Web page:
It’s necessary and vital for our bodies and minds to decompress. Even Ariana Huffington, founder of HuffPo, just released a book based on the powerful transformation of sleep and why it isn’t just a luxury. It’s a need.
3. For when you need to bring on a new team member
I mentioned that I am due with a baby very soon. This pregnancy is what got me thinking seriously about having systems in place even though I’m a one-woman shop. Sure, I’ve read about why it’s important to have systems in place even as a one-person show, but I never took it seriously.
All those years working in a corporate environment, I got really good at documenting and finding ways to streamline, why wasn’t I doing that in my own business from the beginning?
I started using Asana for client projects last year. It took me a few tries, but I finally got familiar with the software, and now use it exclusively for both client projects and internal systems. I recently added my husband to my team in Asana so he can help me with a few of the admin and organizational tasks after I have the baby. The goal is that whatever can’t be automated, he can jump in and take care of with minimal work from me, at least for 6 weeks.
You don’t have to introduce a fancy or elaborate set up (especially if learning a new software seems overwhelming right now), but you should be prepared to have things documented in a notebook or binder if you’re interested in growing your blog or your business. Eventually you will need help and you’ll be glad you can communicate what you need help with clearly.
4. To make the best use of your time and see where you’re creating double-work
There is nothing I enjoy more than finding ways to simplify. Working in the commercial print industry, I didn’t always have the authority to implement the shortcuts I would have liked, but in my own business, I can experiment and make those decisions immediately.
For example, mapping out my blogging schedule, I realized I was writing down ideas for posts in three different places (Evernote, “Notes” App on my phone, and in my WordPress drafts). This was silly, and quickly I installed the Evernote app on my phone and on both my desktop and laptop so no matter where I was when an idea struck me, all of my notes and ideas were synced.
You’ll also see where you’re draining valuable energy. I will occasionally use a time-tracker when working on client projects to see which projects take me more time than I anticipated so I can either adjust my prices accordingly or look for common trends and see where I may be able to consolidate tasks and communication points.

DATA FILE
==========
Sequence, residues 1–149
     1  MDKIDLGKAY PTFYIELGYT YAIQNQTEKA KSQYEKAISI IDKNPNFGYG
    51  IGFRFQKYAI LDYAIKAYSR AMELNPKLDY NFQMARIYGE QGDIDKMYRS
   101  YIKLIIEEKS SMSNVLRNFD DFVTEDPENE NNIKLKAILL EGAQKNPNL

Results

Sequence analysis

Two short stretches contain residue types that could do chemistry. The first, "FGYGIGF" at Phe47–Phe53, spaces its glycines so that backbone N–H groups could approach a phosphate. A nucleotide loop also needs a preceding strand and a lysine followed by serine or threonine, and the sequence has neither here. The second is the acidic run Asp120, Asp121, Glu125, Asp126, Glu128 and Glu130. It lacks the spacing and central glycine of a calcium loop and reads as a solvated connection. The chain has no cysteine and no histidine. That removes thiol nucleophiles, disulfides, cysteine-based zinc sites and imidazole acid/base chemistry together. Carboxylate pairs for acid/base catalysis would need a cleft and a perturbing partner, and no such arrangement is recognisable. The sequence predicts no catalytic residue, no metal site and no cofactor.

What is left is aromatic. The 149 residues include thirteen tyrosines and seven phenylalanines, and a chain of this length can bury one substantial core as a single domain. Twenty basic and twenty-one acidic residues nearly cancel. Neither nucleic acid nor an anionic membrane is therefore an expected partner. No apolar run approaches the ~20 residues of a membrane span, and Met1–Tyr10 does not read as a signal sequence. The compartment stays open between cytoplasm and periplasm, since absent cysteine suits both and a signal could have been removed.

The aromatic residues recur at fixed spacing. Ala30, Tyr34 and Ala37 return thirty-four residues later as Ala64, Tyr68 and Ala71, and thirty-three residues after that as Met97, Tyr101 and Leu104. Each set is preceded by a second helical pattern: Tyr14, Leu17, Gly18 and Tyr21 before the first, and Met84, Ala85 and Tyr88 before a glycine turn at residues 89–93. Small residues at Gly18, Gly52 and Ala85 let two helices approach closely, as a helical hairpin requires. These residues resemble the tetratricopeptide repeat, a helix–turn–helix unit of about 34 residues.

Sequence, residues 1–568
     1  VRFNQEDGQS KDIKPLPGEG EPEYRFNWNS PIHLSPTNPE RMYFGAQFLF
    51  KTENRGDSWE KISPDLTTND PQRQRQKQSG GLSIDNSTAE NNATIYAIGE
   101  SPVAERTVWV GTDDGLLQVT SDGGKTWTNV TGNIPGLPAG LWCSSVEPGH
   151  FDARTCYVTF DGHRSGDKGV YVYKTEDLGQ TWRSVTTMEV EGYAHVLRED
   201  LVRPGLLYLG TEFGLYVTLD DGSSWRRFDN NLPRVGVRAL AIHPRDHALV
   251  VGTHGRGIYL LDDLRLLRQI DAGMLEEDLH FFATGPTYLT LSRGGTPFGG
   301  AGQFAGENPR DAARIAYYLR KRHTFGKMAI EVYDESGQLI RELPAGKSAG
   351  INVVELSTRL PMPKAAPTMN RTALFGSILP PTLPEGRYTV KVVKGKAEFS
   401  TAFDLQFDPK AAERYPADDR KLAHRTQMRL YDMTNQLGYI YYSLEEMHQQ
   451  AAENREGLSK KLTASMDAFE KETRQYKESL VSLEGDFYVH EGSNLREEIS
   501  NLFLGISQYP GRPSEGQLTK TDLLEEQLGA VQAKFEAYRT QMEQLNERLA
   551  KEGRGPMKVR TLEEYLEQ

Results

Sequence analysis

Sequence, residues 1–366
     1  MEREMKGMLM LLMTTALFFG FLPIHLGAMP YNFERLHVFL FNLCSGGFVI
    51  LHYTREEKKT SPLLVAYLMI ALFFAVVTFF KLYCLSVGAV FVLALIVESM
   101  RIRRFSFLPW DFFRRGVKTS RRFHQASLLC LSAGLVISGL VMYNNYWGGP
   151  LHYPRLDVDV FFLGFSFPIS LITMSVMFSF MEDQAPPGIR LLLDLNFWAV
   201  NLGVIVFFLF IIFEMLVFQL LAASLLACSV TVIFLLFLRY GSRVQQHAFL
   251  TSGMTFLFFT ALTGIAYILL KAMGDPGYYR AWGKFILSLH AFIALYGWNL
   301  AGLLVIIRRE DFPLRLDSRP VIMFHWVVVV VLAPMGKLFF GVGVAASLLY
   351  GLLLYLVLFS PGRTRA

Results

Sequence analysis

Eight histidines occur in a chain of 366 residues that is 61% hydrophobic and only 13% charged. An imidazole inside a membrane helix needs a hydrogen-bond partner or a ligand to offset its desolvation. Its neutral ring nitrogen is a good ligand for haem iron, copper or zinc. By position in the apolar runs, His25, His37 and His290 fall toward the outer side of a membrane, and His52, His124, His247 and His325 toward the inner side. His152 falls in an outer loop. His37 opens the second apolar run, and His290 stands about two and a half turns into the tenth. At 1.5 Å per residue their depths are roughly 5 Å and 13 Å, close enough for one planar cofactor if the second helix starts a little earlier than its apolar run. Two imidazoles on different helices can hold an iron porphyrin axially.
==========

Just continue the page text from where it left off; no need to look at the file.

5. To have more time to create and dream up new ideas
This is probably the most critical part for Creatives like us. If you make your living by using your talent and time, it’s a constant balancing act to manage your marketing, operations, while still making art, jewelry, cards, DIY projects, etc. to actually sell. Whether you are blogging only or have a full-blown boutique, it’s important as Creatives that we carve out time to create.
We simply cannot balance our time if we are imbalanced or struggling behind-the-scenes. While you may hear some stereotypes or labels and think, “That’s probably true”, with just a little bit of organization, you can eliminate that stigma and launch yourself into the next level of your passion.
Steps to take today
If you’re anxious to make a change and start documenting some of your processes and day-to-day duties, start with what you have. If you have a notebook nearby, start writing down some of the things that frustrate you about your current workday or workweek.
Write down what is included in each process you do and try to identify how you can either consolidate those tasks or automate those tasks.An example would be something like a task list in Asana, a recurring event in a Google calendar or something even simpler, like a checklist you type out and make copies of for each day.
Remember, you can do this and just because it may not come natural to you, doesn’t mean it can’t be done. Now what will you create with all that free time you’ve gained?